Smells allegedly detected by neighbour 120-130 metres from farm.
A court case involving a Limerick farmer could have repercussions for farming practices throughout the country.
Proceedings were taken by Limerick County Council arising out of alleged odour nuisance at a farm in the county.
A neighbour of the farm owner reportedly told the court of smells he detected coming from the farm, 120 – 130 metres from where he lived.
According to the Limerick Leader, a technician with the county council stated that he had carried out a “sniff test” in the vicinity of the farm and had detected “an animal feed smell that passed the thresholds deemed to be a nuisance.” He later visited the farm where he detected a smell he believed was a “chemical reaction ”between feedstuffs.
The judge found the facts proved, but adjourned the case to allow the parties “engage.”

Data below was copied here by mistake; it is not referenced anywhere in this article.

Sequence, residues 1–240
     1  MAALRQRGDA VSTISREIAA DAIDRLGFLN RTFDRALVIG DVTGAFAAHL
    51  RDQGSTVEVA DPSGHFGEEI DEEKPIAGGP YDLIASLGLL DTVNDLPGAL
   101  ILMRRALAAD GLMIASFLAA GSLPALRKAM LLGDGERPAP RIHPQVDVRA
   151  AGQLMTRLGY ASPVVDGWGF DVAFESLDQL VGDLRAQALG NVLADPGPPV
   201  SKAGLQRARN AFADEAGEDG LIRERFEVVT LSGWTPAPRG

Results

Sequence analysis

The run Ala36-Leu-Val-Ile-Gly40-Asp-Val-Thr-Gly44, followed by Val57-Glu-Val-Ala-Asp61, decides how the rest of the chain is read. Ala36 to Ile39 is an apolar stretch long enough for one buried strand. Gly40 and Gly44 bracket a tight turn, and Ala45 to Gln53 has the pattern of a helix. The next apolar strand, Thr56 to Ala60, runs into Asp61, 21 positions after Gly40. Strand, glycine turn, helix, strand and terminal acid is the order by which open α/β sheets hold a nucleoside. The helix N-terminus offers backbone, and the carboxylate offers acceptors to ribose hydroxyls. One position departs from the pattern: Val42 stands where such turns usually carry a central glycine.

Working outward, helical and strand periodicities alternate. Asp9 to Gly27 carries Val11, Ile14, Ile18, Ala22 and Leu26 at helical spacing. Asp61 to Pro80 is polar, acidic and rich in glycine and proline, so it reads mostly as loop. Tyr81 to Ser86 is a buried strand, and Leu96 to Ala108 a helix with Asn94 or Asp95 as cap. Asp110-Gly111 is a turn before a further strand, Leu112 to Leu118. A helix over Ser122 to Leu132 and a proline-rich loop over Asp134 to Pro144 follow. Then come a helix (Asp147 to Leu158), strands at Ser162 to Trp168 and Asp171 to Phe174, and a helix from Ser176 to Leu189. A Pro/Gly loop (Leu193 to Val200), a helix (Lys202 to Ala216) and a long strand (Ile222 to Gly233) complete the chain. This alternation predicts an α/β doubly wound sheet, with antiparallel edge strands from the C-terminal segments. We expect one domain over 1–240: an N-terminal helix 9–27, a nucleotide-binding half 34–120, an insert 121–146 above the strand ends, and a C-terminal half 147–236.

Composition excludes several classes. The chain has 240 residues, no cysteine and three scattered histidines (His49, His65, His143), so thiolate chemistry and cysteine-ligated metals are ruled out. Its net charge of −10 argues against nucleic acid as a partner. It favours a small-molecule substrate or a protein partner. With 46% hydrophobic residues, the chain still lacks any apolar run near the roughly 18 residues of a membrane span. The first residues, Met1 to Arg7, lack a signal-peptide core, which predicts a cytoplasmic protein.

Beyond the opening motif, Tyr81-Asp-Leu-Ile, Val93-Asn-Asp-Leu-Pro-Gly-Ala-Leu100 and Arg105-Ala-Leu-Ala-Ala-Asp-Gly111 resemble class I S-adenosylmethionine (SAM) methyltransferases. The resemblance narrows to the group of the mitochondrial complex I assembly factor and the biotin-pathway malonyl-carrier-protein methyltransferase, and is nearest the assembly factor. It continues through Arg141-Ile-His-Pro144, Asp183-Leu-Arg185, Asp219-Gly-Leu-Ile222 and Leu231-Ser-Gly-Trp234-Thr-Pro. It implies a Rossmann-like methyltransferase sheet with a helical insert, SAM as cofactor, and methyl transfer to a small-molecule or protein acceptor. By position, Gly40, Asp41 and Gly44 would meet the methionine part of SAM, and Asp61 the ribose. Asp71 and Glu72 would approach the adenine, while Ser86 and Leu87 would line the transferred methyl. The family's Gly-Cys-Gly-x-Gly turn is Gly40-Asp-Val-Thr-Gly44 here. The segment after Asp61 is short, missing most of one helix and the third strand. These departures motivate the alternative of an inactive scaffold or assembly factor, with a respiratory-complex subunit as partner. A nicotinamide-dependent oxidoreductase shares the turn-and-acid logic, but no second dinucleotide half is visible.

The ICMSA has warned that the case could set a precedent that would make farming practices “incredibly difficult.”
Indo Farming reports a spokesperson for the association as stating “if residents in rural areas can object to odours on a neighbouring farm and have these objections upheld farming operations could potentially become impossible for the majority of progressive farmers in the country.”
Meanwhile, an industry activist has expressed concern about plans that, he says, could hit slurry spreading in areas of the west where it is deemed soil depth or condition is insufficient to attenuate contaminants in the waste. Those likely to be affected would include farms where slurry is spread a couple of times a year.
The Environmental Protection Agency has recently warned that upwards of a third of private wells contain E.coli.
Among the E.coli are a group called Verocytotoxigenic E.coli (VTEC), which, the Food Safety Authority states, can cause serious injury and death. E.coli 0157:H7 can remain viable in soils, water and manure for considerable periods and has been shown to survive for several months in manure and contaminated grassland.
E.Coli O157:H7 contamination of a public water supply was implicated in approximately 17 deaths and almost 2,000 cases of infection in the Canadian town of Walkerton in May 2000.
The Environmental Protection Agency has estimated that as many as 50,000 of the 170,000 private wells in Ireland are contaminated.